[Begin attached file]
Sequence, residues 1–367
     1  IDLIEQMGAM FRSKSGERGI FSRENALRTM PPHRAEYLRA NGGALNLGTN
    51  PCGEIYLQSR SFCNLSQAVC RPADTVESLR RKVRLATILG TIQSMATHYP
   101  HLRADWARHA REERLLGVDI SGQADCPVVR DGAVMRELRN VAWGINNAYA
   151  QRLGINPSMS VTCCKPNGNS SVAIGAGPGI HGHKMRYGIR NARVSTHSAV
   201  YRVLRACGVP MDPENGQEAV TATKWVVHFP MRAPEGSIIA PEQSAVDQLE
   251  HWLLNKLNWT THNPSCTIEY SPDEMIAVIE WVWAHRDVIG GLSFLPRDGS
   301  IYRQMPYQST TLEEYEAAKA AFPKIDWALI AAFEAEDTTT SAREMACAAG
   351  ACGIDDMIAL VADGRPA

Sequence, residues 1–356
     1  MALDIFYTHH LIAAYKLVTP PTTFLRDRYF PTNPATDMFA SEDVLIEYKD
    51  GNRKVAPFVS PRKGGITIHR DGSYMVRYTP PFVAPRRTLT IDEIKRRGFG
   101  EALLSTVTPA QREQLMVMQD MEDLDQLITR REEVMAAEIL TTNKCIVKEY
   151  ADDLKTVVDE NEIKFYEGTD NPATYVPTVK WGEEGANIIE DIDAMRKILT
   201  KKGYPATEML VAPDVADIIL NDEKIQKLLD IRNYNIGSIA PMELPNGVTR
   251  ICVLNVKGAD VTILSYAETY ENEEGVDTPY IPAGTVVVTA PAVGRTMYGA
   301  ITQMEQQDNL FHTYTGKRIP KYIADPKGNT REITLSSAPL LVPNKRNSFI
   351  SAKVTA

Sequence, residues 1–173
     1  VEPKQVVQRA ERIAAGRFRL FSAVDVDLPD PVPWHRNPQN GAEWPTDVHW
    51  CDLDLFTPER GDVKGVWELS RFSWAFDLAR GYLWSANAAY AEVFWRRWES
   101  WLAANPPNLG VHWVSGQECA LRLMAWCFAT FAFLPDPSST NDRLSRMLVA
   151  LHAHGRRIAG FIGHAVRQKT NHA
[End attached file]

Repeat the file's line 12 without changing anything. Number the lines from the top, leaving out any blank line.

    51  GNRKVAPFVS PRKGGITIHR DGSYMVRYTP PFVAPRRTLT IDEIKRRGFG